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The Corrections: A Novel Paperback – September 1, 2002
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From The New Yorker
A sprawling novel about the diaspora of the modern American family: Enid and Alfred have carved their lives out of the suburban Midwest bedrock—hard work, shrimp cocktail, and silent sex—but their children live in New York and Philadelphia, eat wild Norwegian salmon, experiment with bisexuality, and study Foucault. Franzen gives us a tragicomic portrait of a flawed nation with the equally flawed notion of perfectibility at its heart.
Copyright © 2005 The New Yorker
“You will laugh, wince, groan, weep, leave the table and maybe the country, promise never to go home again, and be reminded of why you read serious fiction in the first place.” ―The New York Review of Books
“Marvelous . . . Everything we want in a novel--except, when it's rocking along, for it never to be over.” ―The New York Times Book Review
“Jonathan Franzen has built a powerful novel out of the swarming consciousness of a marriage, a family, a whole culture--our culture.” ―Don DeLillo
“Looms as a model for what ambitious storytelling can still say about modern life . . . Franzen swings for the fences and clears them with yards to spare.” ―San Francisco Chronicle
“The novel we've been waiting for...a stunning anatomy of family dysfunction...a contemporary novel that will endure.” ―Esquire
“In its complexity, its scrutinizing and utterly unsentimental humanity, and its grasp of the subtle relationships between domestic drama and global events....It is a major accomplishment.” ―Michael Cunningham
“Frighteningly, luminously authentic.” ―The Boston Globe
“A genuine masterpiece . . . This novel is a wisecracking, eloquent, heartbreaking beauty.” ―Elle
“The brightest, boldest, and most ambitious novel I've read in many years.” ―Pat Conroy
“Brilliant . . . Almost unbearably lifelike.” ―The New York Observer
“Funny and deeply sad, large-hearted and merciless, The Corrections is a testament to the range and depth of pleasures great fiction affords.” ―David Foster Wallace
“This is a spellbinding novel . . . that is both funny and piercing.” ―People
Top customer reviews
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The Corrections tells the story of a broken family set up in sections from each of the family members perspectives. Through each of the sibling's chapters, you get a sense of how their parents raised them and how that affected them differently. They all have grown up as deeply flawed individuals struggling to find their place, but all of them have qualities we can support and root for.
Franzen speaks with brutal honesty that can often be heartbreaking and devastating. For the literary quality alone, you should read this book, but if that's not enough, do it to explore a character study that will move you.
An emphatic depiction of dementia in the older degenerating mind and its associated pain is presented and well done. The intertwining of drugs and modern family interactions is included here and although nothing new, the fallacy of their effectiveness with personal problems cannot be hammered home enough.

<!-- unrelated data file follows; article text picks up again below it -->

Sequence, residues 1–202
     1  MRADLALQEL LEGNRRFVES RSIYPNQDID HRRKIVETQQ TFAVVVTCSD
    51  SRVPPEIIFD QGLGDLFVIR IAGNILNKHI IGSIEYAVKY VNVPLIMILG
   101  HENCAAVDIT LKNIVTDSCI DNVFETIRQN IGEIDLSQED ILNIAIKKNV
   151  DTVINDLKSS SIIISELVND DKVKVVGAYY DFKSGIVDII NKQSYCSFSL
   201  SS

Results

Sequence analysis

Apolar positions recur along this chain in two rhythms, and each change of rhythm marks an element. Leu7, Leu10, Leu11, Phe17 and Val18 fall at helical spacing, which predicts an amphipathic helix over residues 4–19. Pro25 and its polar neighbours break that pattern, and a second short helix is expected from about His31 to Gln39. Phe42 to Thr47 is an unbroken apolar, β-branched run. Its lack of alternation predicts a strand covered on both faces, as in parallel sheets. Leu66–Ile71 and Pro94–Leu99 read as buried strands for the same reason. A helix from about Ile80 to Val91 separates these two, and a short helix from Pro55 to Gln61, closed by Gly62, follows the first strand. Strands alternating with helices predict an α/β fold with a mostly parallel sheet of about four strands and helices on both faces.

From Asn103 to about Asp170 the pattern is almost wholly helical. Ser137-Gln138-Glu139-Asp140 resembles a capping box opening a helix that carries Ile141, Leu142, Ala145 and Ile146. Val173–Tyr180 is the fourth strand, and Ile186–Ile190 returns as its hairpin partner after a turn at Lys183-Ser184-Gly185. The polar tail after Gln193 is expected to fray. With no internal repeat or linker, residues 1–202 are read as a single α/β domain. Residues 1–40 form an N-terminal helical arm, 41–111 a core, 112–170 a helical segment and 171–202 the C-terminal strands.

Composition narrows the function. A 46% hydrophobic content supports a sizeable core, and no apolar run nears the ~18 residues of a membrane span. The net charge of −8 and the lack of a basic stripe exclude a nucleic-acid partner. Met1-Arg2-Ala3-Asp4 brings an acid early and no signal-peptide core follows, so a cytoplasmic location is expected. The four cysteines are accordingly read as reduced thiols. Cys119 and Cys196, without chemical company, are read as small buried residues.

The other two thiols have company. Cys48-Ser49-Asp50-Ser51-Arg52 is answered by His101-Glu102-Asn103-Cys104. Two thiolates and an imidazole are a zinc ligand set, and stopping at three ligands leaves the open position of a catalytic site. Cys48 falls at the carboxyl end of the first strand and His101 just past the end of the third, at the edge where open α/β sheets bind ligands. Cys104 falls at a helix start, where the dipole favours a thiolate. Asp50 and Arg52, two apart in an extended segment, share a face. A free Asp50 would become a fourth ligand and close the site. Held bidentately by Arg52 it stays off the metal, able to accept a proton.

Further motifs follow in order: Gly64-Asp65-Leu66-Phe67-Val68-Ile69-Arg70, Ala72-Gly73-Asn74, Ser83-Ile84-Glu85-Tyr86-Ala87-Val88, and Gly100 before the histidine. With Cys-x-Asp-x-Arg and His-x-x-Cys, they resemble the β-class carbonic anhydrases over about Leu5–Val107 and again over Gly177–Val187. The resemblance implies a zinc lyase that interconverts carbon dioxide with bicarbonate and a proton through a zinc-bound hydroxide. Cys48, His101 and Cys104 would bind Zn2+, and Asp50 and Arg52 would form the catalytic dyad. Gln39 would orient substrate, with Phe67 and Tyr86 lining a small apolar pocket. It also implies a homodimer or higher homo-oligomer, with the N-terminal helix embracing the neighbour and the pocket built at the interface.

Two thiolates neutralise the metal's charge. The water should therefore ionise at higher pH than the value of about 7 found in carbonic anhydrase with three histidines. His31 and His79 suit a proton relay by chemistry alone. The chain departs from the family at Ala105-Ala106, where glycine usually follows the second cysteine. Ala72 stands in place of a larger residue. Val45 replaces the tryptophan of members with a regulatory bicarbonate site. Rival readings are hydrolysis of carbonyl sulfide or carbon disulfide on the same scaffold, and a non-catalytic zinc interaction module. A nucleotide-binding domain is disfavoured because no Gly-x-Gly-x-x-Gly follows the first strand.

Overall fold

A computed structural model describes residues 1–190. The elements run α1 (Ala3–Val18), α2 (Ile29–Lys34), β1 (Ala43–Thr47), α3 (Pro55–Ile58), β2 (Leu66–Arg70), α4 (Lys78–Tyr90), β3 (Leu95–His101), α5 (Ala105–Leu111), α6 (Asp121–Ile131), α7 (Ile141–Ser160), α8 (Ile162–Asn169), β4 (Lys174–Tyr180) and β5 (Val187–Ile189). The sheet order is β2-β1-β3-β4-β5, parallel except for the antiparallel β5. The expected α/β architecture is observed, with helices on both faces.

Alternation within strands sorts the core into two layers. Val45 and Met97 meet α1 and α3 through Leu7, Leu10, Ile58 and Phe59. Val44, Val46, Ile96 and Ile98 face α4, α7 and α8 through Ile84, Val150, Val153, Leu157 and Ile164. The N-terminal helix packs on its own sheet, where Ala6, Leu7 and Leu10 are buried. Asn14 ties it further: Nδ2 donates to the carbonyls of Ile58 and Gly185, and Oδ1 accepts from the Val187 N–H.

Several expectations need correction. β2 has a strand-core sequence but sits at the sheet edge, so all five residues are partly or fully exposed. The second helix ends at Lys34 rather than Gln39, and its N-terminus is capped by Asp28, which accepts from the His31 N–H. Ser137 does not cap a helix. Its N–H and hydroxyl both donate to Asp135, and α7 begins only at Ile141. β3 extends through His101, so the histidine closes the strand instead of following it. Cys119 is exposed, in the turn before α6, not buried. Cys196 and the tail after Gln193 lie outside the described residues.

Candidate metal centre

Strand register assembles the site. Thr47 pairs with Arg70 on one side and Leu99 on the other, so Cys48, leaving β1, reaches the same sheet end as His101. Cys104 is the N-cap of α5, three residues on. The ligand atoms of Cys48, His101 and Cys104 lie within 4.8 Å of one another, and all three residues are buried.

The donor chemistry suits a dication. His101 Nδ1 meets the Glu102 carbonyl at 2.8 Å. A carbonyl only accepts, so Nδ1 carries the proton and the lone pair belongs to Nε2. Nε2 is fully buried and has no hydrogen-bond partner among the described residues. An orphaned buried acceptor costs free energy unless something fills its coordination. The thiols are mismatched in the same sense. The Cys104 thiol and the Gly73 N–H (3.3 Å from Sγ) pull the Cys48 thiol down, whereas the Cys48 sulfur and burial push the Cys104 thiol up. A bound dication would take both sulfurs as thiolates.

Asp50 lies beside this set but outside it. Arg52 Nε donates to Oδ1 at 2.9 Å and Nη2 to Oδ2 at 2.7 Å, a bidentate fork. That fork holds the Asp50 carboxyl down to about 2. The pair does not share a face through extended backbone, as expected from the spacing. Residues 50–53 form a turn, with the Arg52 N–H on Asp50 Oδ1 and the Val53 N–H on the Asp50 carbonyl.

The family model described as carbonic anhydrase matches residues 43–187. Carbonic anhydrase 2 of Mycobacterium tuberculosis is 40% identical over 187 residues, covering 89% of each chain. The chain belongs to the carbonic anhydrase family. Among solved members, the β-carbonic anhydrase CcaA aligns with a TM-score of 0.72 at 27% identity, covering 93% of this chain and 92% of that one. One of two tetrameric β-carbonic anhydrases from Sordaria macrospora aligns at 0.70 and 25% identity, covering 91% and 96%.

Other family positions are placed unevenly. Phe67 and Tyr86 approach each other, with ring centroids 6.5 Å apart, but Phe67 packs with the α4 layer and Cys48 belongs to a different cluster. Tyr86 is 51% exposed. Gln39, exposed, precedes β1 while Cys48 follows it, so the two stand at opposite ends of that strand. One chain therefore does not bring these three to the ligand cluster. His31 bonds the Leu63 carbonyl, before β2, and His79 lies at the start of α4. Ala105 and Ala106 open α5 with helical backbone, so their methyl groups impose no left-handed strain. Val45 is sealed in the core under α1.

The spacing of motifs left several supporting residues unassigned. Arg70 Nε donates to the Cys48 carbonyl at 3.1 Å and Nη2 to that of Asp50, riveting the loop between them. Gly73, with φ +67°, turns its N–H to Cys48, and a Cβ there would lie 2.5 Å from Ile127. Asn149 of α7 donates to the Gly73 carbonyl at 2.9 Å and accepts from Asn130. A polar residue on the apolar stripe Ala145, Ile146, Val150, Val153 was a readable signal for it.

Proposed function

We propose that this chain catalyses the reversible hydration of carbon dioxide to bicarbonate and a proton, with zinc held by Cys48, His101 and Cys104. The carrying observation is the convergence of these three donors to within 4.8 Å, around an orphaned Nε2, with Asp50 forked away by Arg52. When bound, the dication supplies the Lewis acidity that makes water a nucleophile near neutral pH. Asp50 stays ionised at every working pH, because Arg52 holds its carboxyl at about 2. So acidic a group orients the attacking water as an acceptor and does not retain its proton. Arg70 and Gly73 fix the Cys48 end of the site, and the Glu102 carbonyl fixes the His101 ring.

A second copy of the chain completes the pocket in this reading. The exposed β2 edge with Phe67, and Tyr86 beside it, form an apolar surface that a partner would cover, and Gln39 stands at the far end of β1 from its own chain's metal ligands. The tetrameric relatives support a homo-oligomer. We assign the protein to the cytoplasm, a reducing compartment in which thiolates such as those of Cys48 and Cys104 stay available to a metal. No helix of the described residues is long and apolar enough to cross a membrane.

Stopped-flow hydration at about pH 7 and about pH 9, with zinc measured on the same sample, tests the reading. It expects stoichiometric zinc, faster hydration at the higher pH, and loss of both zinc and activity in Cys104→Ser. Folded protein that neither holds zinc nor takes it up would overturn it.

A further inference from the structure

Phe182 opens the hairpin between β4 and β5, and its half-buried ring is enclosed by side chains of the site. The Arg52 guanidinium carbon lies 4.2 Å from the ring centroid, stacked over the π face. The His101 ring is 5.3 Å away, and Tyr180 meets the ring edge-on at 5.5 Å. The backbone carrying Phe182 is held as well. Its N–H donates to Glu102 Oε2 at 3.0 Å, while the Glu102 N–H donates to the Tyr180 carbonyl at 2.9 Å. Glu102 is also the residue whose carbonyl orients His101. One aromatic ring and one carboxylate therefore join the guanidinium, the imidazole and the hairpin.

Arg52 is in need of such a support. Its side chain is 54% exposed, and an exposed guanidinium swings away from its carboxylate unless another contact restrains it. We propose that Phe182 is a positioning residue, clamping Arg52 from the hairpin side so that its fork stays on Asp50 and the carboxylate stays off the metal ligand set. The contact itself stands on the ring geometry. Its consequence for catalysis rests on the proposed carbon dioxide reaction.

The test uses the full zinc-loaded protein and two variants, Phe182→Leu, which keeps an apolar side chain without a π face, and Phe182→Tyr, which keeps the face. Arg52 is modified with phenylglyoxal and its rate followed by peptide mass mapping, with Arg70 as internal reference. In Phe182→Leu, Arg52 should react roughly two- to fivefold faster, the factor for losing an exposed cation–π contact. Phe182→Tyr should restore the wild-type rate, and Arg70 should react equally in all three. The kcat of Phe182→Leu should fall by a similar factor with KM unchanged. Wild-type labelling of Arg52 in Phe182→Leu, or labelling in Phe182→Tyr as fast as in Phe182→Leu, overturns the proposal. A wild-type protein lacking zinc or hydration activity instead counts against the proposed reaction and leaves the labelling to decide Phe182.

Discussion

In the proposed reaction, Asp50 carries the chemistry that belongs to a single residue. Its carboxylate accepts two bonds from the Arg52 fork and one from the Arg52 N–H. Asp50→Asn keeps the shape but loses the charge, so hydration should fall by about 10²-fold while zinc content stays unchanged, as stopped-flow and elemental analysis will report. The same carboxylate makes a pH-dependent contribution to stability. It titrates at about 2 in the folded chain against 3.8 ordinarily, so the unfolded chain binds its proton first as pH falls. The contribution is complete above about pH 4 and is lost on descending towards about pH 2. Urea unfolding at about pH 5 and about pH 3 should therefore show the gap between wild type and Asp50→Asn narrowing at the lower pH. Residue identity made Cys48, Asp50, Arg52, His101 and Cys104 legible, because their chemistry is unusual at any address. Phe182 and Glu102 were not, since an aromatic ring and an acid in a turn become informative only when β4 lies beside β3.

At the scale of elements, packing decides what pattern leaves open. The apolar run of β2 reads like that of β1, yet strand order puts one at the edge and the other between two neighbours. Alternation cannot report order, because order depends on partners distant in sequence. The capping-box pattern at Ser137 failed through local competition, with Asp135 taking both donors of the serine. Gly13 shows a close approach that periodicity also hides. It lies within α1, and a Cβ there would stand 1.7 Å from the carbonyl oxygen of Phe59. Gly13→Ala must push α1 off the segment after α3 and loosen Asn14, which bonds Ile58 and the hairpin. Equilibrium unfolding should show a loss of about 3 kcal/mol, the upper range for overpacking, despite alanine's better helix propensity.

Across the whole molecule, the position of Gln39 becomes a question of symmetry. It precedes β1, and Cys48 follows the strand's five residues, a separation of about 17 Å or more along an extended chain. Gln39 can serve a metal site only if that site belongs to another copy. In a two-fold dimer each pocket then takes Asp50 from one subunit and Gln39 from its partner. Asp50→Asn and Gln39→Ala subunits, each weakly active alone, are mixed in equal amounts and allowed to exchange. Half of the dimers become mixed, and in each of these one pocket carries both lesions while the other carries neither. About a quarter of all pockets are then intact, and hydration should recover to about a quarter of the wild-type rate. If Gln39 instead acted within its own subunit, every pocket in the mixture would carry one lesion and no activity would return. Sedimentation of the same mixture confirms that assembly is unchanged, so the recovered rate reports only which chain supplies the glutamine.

Although the modernist style prevails, I could not help noticing Proust-like meticulous detail at times, almost as though Proust was trying to break free of Pynchon and his likes. I imagine some sort of intertextual conversations may be taking place here but that is beyond me. Pertaining to the detailed descriptions, those obtained from research lacks the crispness of that achieved from direct observation, a hallmark of Proust. There is no way around this.
Although some of the younger generation eventually fair better as the story progresses, unless I missed it, not one of the characters becomes conscious of the origins of their behavior, the first step needed to break free of the old patterns. I found this somewhat disappointing.
It ends up that I liked it. Though it's not a "feel good" book, it is a book about real people. One doesn't really fall in love with any one character. They are all flawed and have made some very bad decisions. Yet, if you look around, that's true of just about everyone you meet...including yourself.
It is hard work to get through the book because of all the issues involved---and it is almost 600 pages long. However, like Kavalier and Clay, it is so well-written that one doesn't mind. If you know anyone suffering from Parkinson's Disease you will be amazed and saddened at how well Franzen writes what it feels like to watch yourself deteriorate. He also does a great job in relaying how those closest to you are affected.
Like them or not, I didn't think the characters were all that impossible to believe. In my view, Franzen takes each of their situations and makes them so that you can actually see how they would get themselves in the situations they did. Even if you wouldn't get yourself into some of these jams, you can see how someone else could. It's not all that farfetched.
I thought the ending was superbly written. There are no heroes in this book, just regular people dealing with their problems as best they know how to.
Most recent customer reviews
I enjoyed reading it, however some passages seem too long sometimes